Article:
COVID-19 is the state’s deadliest infectious disease, killing three times more Floridians a day than flu/pneumonia, AIDS and viral hepatitis combined, records show. The most vulnerable to death and hospitalization are people older than 65 or those who have underlying health concerns such as weakened immune systems, diabetes or obesity.

Florida says it has tested 3.34 million people since the pandemic began, and 12.4% have been positive. That’s the third-highest number of COVID-19 tests in the country, behind California (6.8 million) and New York (5.4 million).

Florida on Saturday reported a 11.4% positivity rate for tests statewide in the previous 24-hour period.

The daily positivity rate is a key figure, since it’s one of the numbers that indicates the prevalence of the disease in the population. In May, Florida’s positivity rate was about 5%.

“We want to get it back to where it was when we reopened and that’s 5 percent,” Dr. Alina Alonso, Palm Beach County’s health department director, told reporters on Friday. She pleaded with the public to follow social distancing and mask-wearing measures, noting, “This is really the only tool we have to bring down the number of cases.”

South Florida, which accounts for 29% of Florida’s population, reported 5,738 new cases in the past day, or 47% of the daily total for the state, according to the state Department of Health.

Broward County: 1,611 new coronavirus cases were reported Saturday, bringing the total to 48,187. A total of 605 people have died, 34 more since Friday’s report.

Palm Beach County: 703 new cases were reported, bringing the total to 29,707. A total of 767 people have died, eight more since Friday.

Miami-Dade County: 3,424 new cases on Saturday, bringing the total to 101,854. It’s the second-highest number of cases on any day during the public health emergency, records show. A total of 1,395 people have died. That’s nine more than Friday.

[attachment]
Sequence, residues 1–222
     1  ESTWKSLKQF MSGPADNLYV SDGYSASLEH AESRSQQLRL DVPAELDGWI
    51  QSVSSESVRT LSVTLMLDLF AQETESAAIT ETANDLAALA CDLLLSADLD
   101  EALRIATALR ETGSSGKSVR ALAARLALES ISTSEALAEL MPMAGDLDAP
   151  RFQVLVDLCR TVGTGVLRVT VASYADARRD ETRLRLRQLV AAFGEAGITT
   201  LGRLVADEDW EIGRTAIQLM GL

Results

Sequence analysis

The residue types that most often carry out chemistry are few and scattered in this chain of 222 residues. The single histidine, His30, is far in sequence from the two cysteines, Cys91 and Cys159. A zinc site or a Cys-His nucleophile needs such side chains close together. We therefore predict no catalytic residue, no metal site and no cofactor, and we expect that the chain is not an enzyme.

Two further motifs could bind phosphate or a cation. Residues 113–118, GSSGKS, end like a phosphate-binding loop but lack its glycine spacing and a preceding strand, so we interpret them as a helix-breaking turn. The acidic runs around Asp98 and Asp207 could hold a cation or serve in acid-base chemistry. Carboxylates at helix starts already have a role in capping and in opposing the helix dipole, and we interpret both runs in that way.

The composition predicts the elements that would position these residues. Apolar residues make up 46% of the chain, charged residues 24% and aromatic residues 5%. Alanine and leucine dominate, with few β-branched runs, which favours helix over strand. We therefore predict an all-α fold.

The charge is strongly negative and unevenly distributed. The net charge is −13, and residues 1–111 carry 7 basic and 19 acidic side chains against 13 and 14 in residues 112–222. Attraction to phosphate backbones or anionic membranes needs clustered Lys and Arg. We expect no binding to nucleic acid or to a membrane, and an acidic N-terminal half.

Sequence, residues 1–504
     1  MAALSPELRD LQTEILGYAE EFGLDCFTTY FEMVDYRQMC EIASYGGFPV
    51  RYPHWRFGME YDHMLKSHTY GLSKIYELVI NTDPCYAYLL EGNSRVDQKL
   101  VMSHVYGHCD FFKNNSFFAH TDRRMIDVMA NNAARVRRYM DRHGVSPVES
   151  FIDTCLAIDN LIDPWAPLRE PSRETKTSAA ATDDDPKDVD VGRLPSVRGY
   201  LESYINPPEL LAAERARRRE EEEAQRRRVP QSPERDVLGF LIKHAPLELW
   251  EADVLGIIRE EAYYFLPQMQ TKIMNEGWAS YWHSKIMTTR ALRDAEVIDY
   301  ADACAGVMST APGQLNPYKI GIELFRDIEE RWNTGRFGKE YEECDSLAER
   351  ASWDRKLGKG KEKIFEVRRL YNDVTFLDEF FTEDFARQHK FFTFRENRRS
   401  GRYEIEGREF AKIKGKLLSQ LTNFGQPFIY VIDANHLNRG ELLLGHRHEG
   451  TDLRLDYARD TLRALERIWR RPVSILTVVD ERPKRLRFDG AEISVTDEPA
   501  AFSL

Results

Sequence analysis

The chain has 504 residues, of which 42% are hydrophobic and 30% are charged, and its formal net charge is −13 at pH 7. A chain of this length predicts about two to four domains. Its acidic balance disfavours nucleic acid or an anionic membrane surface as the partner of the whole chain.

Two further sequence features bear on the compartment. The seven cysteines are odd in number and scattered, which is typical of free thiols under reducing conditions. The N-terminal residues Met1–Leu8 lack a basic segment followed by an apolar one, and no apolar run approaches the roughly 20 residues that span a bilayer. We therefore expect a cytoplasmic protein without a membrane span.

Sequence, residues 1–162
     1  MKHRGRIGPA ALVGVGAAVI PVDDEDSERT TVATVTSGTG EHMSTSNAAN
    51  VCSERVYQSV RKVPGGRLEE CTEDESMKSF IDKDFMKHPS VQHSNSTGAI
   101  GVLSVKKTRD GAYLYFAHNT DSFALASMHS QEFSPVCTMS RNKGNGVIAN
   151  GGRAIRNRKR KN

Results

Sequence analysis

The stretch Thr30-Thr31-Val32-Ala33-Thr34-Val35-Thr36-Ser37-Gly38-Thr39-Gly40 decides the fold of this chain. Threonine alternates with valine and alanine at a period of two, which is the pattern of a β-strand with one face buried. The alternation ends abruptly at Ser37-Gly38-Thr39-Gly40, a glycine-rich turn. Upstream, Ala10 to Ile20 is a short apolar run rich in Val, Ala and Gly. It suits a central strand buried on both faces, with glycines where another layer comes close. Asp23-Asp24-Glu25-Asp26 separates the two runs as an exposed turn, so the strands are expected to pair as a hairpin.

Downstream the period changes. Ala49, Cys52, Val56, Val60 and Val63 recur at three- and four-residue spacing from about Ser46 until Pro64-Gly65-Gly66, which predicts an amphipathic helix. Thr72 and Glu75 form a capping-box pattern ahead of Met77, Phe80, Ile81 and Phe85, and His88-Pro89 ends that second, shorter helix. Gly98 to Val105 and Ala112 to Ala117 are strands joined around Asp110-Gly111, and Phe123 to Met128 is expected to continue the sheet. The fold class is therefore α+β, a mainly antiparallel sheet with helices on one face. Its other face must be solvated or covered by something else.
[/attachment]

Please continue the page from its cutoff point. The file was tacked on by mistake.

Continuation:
The number of people being treated for COVID-19 at hospitals increased in South Florida, but dropped statewide on Saturday.

The total stood at 9,048 as of 12:31 p.m., according to the Florida Agency for Healthcare Administration. About 24 hours earlier, the same report listed 9,206 patients.

Miami-Dade County has the most people hospitalized with a primary diagnosis of the new coronavirus: 1,954, a decrease of 33 since Friday. Next is Broward with 1,295, up by 25 since Friday. Palm Beach County has 595 patients, an increase of 22.

A different report, from the state health department, shows 23,730 Florida residents have been hospitalized since the start of the pandemic. That’s an increase of 8,905 patients since July 1, when the total was 14,825 hospitalizations.

U.S.: The coronavirus death toll in the United States reached 145,860 as of 12:35 p.m. Saturday, according to the Coronavirus Resource Center at Johns Hopkins University.

The United States has reported 4.1 million cases, the highest total in the world.

Worldwide: The global total reached 15.8 million cases Saturday, with at least 641,013 deaths, Johns Hopkins reported.

The U.S. has 4.3% of the world’s population and 26.2% of the world’s cases.

Tribune Wire